Amid the recession, more buyers turned out for Chicago’s March Stylemax trade show than last year, market organizers said.
This story first appeared in the April 29, 2009 issue of WWD. Subscribe Today.
“Attendance is trending up, which is amazing,” said Susan McCullough, senior vice president of apparel for Merchandise Mart Properties Inc., who did not release specific figures for the four-day market that ended March 31 and featured fall fashions. “Who knew? I’d like to think we’re doing something right, but I don’t know why. It may be kismet.”
But, McCullough noted, “If you’re a retailer in the Midwest, fall is really important. It’s for all the marbles.”
That, in turn, translated to more optimism and excitement on the seventh floor of the Merchandise Mart. “It is way more positive than I expected,” McCullough said.
The fact that Stylemax coincided with the National Bridal Market Chicago, which took place on the Mart’s eighth floor, added to the energy in the building, with some bridal buyers shopping Stylemax for lingerie, special occasion wear and accessories.
“There’s some crossover, not a tremendous amount,” McCullough said about holding the two trade shows at roughly the same time. “There is no reason not to do it.”
Many retailers, however, altered their buying to match the economic trends, with some ordering more accessories and less apparel.
Karen Lang, owner, and Tricia Durkin, buyer, for Trousseaux in Hinsdale, Ill., shopped for cleaner lightweight leather handbags from Viva, wallets and handbags from Lotus as well as jewelry with a spiritual or personal meaning, such as charm bracelets from Cousin Claudine, and dressier T-shirts from LinQ.
Accessories, the pair said, continue to be a strong category at the 1,000-square-foot lifestyle specialty store, which stocks home furnishings, gifts and apparel. That’s because jewelry, in particular, continues to be an easy sell for women shopping for gifts or a pick-me-up purchase for themselves, Durkin said.
To counter the economic forces, Trousseaux may buy items such as T-shirts and modify them with monograms or embroidery to differentiate the product. Lang also has tightened staffing, spent more time on the phone with her accountant and kept a careful eye on margins. “Every month needs to be a profitable month,” she said.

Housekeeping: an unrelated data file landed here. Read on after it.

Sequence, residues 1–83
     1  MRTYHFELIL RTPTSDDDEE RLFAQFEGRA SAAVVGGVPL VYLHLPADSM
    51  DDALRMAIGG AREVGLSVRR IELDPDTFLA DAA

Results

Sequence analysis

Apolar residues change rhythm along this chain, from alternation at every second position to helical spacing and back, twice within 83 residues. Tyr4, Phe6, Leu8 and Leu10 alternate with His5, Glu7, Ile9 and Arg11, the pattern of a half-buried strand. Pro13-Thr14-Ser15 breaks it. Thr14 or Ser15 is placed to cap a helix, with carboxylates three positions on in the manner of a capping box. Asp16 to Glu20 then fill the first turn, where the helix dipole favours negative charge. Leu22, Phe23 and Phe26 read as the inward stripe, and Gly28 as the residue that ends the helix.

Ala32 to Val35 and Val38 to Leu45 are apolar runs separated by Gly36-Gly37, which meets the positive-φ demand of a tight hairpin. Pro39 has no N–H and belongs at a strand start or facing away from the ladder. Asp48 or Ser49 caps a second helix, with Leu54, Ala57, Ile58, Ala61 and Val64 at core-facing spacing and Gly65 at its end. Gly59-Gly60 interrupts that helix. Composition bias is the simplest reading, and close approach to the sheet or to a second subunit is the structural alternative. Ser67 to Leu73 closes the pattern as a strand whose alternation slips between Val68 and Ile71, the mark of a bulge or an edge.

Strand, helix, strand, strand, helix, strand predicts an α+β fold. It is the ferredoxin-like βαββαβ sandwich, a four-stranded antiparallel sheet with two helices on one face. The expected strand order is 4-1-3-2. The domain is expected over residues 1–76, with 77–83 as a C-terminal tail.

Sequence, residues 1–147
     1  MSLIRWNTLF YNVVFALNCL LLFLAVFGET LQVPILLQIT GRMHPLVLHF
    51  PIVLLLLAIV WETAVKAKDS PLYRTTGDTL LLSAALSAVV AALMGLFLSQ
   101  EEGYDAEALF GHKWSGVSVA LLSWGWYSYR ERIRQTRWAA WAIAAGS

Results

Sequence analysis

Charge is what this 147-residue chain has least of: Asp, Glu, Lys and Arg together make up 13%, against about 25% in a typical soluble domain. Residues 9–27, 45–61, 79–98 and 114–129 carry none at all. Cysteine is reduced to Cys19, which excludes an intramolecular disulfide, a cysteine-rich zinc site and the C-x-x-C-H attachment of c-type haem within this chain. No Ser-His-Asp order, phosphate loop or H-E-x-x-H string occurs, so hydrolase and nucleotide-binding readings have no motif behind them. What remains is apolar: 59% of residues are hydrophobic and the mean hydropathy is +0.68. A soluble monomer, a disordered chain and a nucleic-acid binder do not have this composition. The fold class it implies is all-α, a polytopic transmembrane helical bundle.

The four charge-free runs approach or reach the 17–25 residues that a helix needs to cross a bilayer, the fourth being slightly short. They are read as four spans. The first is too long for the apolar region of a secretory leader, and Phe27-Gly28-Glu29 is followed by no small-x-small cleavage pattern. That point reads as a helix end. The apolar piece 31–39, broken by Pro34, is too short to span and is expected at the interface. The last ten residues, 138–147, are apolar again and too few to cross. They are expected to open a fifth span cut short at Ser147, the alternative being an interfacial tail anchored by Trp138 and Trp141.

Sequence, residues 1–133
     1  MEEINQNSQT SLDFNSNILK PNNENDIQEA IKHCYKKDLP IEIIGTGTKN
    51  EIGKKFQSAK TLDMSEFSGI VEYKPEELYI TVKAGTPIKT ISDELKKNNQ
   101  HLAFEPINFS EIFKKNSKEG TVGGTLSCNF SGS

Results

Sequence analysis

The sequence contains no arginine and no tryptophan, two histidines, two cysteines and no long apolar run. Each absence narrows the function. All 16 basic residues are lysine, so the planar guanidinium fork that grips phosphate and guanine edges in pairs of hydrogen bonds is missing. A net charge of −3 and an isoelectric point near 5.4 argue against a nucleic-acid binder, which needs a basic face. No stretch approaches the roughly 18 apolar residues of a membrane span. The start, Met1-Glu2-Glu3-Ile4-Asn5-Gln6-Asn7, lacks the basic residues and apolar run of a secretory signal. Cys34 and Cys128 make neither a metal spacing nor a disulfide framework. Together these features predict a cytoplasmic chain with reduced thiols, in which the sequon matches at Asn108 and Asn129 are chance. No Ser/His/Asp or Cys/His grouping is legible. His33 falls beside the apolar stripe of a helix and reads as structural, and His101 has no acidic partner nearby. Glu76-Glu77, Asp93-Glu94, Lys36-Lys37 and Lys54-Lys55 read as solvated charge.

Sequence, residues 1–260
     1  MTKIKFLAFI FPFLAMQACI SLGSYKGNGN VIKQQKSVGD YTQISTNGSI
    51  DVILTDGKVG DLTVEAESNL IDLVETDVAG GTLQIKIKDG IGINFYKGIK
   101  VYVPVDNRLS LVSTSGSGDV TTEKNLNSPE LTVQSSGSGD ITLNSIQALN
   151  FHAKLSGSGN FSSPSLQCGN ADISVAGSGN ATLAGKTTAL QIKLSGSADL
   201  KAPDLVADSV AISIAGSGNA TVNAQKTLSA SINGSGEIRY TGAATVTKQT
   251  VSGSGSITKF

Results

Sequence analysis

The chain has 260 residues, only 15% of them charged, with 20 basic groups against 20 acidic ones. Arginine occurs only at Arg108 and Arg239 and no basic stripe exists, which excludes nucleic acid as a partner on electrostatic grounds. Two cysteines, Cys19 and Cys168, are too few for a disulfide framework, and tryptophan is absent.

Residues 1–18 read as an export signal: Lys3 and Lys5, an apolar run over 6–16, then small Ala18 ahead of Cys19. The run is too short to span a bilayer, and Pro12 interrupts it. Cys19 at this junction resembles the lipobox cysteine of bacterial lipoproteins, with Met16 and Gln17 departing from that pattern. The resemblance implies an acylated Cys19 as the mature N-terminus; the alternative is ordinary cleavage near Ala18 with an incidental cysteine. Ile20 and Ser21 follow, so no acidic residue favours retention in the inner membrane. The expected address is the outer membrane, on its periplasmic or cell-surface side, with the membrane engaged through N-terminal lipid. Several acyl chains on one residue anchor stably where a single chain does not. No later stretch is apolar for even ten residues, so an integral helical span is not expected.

At About Face, a salon and boutique in Mequon, Wis., just north of Milwaukee, owner and stylist Kelline VerBeke said she has reduced the amount of apparel she buys, noting that shoppers are looking for more inexpensive guilt-free purchases.
“It’s got to be something that cheers them up,” she said, explaining that while the more affluent area has not been as hard-hit as others, more women are reporting their husbands have recently lost their jobs.
In turn, VerBeke shopped Stylemax for easy impulse buys suitable for a variety of ages and body types, including wraps, scarves, jewelry from Alexia Crawford, cheaper handbags and hair accessories for prom and weddings from Pin & Tube. Although the salon and boutique has sold higher-priced $350 handbags from Hobo, those are taking longer to sell than less expensive goods.
“Everyone likes to feel like they’re getting a deal,” she said, “and at lower prices, people don’t have to think about it as much.”
In Milwaukee proper, owner Jenna Shultz opened her women’s and men’s boutique called Flaire in October as the stock market began to plunge. At first, she played her buy safe, ordering more conservative styles, but then realized her shoppers responded to more fashion-forward pieces.
As a result, Shultz placed orders at Stylemax with 2b. Rych, a new line at the market, for pine green blouses with rose details and front pockets, silk cropped jackets with beading details and ruffled leather jackets.